I didn’t get to see her very often anymore but when I did our time together was a collection of every warm memory I had. We shared café con leche in the mornings, only we both took less sugar than before, and she’d make ropa vieja or arroz con pollo for me for dinner, even though she didn’t like to cook, something I never knew growing up. I could also count on at least one session with me sprawled out on her bed with candles lit and laminated saints propped up and keeping watch from the table while she read the Spanish cards for me. On this night, she got right down to business with the very first one.
“Ah….look at this. There is one boy who work by you who likes you very much,” she said in an accent so thick my high school friends couldn’t tell her English from Spanish.
“Oh,” I said, pretending I didn’t know who that might be. I chose another card.
“And he has light hair. He is one blonde,“ she said this pronouncing every letter in the word blonde so it came out blond-ee. I held my breath and drew again.
“Sí, and you like-ee him, too.”
I said nothing and pulled a fresh card from the deck.
“Oh…….. I see… he has a child…a little girl.”
The words didn’t bother wasting time traveling up to my brain to be filtered. Instead, they spilled directly out of my mouth.
“How in the hell do you do that?”
“I hear,” she said as if it was the most obvious answer in the world, “and I know you gonna marry this man.”
It never dawned on me to ask her to teach me how to read the cards and she never offered. In retrospect, this was odd. In my younger, rebellious-about-religion days I dipped my toes into astrology and palm reading. I even spent a day with a horse whisperer who only accepted me as a student after asking his angels. He taught me how to use divining rods to find water and took me to the stables at the local racetrack to see if I could find the underground stream that was bothering the horses. There it was running right down the middle of one of the stalls. This explained why horses bucked when they had to go into that enclosure and why they hugged the walls when the door was closed. I paid the horse whisperer $300 to be his student but I didn’t keep up with my practice. There isn’t much of a need for finding water anymore and I’m not interested in being a horse whisperer, not that I have the particular talent for that. Maybe that’s why I never asked my grandmother to teach me the Spanish cards. Maybe I knew it would come out the same way. I couldn’t see myself telling fortunes even on those days when I wished I knew what my future held.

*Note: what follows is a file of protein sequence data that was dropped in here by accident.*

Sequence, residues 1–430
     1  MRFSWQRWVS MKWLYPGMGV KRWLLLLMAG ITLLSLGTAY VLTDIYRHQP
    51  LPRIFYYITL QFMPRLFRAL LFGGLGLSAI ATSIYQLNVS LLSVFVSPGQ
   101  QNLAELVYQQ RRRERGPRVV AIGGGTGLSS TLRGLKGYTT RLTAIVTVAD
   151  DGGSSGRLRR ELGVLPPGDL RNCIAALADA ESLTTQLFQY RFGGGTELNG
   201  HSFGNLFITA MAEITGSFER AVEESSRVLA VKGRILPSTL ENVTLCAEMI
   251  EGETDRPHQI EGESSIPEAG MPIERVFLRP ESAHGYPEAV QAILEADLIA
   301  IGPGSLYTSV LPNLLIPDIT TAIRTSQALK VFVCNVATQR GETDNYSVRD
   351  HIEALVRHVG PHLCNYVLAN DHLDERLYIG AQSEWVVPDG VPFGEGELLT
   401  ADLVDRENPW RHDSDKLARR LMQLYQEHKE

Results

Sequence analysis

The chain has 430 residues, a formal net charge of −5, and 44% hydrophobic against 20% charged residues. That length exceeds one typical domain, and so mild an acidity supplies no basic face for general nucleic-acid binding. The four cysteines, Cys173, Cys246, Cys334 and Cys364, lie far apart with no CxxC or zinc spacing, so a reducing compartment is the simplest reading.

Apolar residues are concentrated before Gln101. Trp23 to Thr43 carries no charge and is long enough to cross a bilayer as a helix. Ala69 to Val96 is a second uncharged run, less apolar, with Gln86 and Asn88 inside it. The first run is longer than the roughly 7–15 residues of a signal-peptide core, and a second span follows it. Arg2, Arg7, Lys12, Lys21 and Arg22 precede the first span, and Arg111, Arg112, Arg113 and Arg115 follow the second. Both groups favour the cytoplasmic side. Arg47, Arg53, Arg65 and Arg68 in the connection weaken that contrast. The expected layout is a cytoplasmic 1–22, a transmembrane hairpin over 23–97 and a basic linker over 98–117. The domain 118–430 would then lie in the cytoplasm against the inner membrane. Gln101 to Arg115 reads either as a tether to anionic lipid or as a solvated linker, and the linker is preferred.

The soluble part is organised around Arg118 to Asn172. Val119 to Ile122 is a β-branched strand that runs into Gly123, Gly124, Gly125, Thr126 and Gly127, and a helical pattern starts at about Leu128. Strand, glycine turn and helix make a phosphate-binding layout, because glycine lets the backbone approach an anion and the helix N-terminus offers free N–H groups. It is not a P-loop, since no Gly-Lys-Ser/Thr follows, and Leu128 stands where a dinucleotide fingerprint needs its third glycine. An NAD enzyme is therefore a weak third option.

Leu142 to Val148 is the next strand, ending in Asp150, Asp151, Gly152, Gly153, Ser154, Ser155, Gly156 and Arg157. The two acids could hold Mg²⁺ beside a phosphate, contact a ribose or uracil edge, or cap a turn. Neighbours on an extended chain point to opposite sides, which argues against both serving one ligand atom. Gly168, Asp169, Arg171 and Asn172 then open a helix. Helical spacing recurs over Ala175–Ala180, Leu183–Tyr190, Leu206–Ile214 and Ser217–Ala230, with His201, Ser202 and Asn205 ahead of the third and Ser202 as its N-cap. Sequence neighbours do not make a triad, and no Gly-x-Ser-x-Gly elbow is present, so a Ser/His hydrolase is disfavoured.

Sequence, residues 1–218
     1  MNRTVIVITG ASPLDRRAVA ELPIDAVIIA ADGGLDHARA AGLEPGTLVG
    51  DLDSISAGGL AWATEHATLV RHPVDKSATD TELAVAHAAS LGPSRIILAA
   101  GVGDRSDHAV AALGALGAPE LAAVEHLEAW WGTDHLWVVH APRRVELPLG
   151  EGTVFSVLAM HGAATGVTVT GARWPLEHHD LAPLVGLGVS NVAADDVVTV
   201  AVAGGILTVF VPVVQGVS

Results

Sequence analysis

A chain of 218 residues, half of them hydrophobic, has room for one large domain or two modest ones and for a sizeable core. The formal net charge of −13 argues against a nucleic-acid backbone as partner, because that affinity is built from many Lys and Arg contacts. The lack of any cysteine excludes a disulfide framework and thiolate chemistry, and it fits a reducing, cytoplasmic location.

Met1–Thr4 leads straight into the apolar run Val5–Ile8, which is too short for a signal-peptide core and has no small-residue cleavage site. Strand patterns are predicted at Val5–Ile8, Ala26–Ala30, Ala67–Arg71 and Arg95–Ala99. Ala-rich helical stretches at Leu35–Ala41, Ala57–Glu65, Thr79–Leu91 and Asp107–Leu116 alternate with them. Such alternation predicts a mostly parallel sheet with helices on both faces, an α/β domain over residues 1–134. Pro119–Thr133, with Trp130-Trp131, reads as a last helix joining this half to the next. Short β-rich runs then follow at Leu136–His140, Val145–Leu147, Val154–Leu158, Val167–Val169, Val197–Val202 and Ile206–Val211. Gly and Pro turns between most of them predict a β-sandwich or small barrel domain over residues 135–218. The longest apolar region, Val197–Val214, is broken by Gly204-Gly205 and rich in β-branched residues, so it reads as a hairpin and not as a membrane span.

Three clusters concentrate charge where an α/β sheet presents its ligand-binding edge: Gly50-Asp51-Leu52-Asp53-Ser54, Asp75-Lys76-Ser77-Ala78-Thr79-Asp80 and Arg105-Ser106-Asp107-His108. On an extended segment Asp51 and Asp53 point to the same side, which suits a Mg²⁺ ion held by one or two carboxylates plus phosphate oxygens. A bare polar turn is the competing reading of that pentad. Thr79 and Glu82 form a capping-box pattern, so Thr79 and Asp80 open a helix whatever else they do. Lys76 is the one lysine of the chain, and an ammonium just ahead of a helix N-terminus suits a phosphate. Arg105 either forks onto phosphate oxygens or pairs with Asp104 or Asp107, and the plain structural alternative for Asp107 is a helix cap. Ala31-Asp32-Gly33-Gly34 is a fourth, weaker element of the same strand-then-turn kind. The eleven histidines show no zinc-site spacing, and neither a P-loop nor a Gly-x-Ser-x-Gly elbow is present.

Until just a few months ago, I would have said I didn’t know how she learned to read cards and I would have been telling the truth, but then I dug up a VCR tape I’d forgotten about. Seven years before she died I borrowed a video camera and for nearly two hours my mother, sister and I asked her questions about Cuba, my grandfather who died when my mother was a baby, and my great grandparents. For years, the tape kept company with family photo albums no one looked at in a cabinet no one opened until the day a cleaning binge took me back to that corner of the house. I got a guy who worked out of his basement down the street to transfer the VCR to DVD so I could watch it again. And then, there she was. My grandmother whirred back to life on my computer screen, her familiar bottle blonde hair lacquered into a confection on her head, brown eyebrows drawn in pencil into a subtle arch and two red gumballs for earrings.
A few months before the interview, I opened the silver slot of my apartment mailbox and found an official white envelope with a U.S. Census form inside. Being counted was a rite of adulthood and I wasn’t so long out of college that I didn’t appreciate a bubble-in test when I knew all the answers. After darkening in circles next to female, white and never married with my #2 pencil, I came to question seven.
Is this person of Spanish/Hispanic origin?
Yes. I would bubble in yes. But yes alone wasn’t an option. I had to choose Yes, Mexican; Yes, Puerto Rican; or Yes, Cuban and the instructions were clear: Fill ONE circle. They wrote the word ONE in shouty caps. I thought of my Mexican American father and my Cuban born mother and didn’t want to choose between them on that form any more than I’d wanted to do it after they divorced when I was in elementary school. I would have tossed the suddenly difficult test in the trash, but that wasn’t allowed. The first paragraph said by law (Title 13, U.S. Code), you’re required to answer the census questions to the best of your knowledge.
My job as a legislative aide came with a handy, slim, white phone book with numbers to liaisons in each federal agency who were tasked with helping Congressional staff, so I dialed up the U.S. Census Bureau and talked to someone named Dave. I told him question seven needed some work. Everybody isn’t just one thing. But Dave missed that point and went in an unapproved direction.
“Were you born in Cuba or Mexico?” he asked.
“No, I was born in Florida.”